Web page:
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Review: St. Vincent, Deepsea Challenge 3D, Interstellar, The Hunger Games: Mockingjay - Part 1 and Nightcrawler

By Cinema and Reviews

In the last (non-Rancho) post I made a commitment to get back in to regular reviewing and to end my year-long sabbatical. (For the reasons behind the hiatus, it is recommended that you have a quick read. Go on, I’ll wait here.) It has come as a bit of a surprise to me that I’ve actually seen as much as I have over the last few months. It didn’t feel like it but — thanks to Radio New Zealand, FishHead and Rancho Notorious — fully 18 of the films currently screening around Wellington are films I can actually have an opinion on.

Anyway, here goes, and I might as well start with the oldest first. Which, as it turns out, is also a contender for the worst film in this post.

St. Vincent movie posterI’ve never managed to hide my disdain for Little Miss Sunshine, a film which is beloved by many and held up as an example of quality screenwriting to which we all should aspire. It is, in fact, garbage. A collection of tics masquerading as characters stuck in a contrived-cute situation in which life lessons will be learned too easily and happy endings will be unearned. Theodore Melfi’s debut feature St. Vincent also falls into all these traps only deeper. It also relies so heavily on the great Bill Murray that it manages to even bring him into disrepute.

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Shopping poster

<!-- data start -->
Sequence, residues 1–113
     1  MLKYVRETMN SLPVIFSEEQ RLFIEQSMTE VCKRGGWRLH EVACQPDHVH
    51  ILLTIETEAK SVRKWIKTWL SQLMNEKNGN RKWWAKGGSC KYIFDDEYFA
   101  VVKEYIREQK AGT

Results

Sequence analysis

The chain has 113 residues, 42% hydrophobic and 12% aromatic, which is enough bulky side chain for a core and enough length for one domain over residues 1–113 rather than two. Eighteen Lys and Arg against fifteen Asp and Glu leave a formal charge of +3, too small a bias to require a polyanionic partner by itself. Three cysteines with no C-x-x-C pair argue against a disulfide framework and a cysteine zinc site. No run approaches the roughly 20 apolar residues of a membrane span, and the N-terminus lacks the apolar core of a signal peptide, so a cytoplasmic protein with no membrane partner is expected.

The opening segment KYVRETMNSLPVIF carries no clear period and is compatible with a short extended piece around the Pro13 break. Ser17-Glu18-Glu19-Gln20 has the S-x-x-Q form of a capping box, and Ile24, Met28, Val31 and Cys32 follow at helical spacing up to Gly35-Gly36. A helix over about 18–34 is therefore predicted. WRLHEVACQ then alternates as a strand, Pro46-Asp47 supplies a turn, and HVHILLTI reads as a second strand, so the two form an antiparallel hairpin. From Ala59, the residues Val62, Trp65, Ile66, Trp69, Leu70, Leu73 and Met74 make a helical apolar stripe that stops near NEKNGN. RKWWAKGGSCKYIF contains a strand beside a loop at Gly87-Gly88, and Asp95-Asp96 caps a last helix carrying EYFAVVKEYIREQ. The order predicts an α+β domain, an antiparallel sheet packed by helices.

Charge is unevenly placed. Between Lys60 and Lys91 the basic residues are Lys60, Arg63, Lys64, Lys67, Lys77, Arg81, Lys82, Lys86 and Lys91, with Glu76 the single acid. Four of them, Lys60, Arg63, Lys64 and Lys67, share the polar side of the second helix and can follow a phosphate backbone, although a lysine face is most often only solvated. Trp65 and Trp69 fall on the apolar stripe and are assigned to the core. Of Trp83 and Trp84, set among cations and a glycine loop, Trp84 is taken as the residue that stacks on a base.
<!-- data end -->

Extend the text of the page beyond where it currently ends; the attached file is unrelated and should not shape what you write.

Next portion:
Review: Shopping, The Reluctant Fundamentalist and The Hangover Part III

By Cinema and Reviews

Julian Dennison and Kevin paulo in Shopping (Mark Albiston and Louis Sutherland)

Shopping (Mark Albiston & Louis Sutherland) starts with archive television news footage of the infamous 1970s dawn raids, tooled-up cops breaking down doors to track down “overstayers”. As a scene-setter it’s impressive. It gives the film an immediate sense of menace but it doesn’t follow through — the cops never arrive and the threat of deportation back to the islands (like almost everything else in the film) is never discussed. So, narratively then, Shopping may disappoint but as a psychological portrait of alienated working class teenage life it excels.

Shopping posterNewcomer Kevin Paulo is Willie, stuck in a dead-end job dreaming of something better. His white father (Alistair Browning, often threatening but with a heart in the right place) wants him to work hard and get on while his Samoan mother Theresa (Maureen Fepuleai) wants him to behave himself and set a good example to younger brother Solomon (Julian Dennison). He does neither of those things and falls in with a bad crowd of local crims led by charismatic Bennie (Jacek Koman). In their world “shopping” means thievery and the adrenaline, the parties and beautiful Nicky (Laura Peterson) keep Willie away from his own home and a family that needs him more than he realises.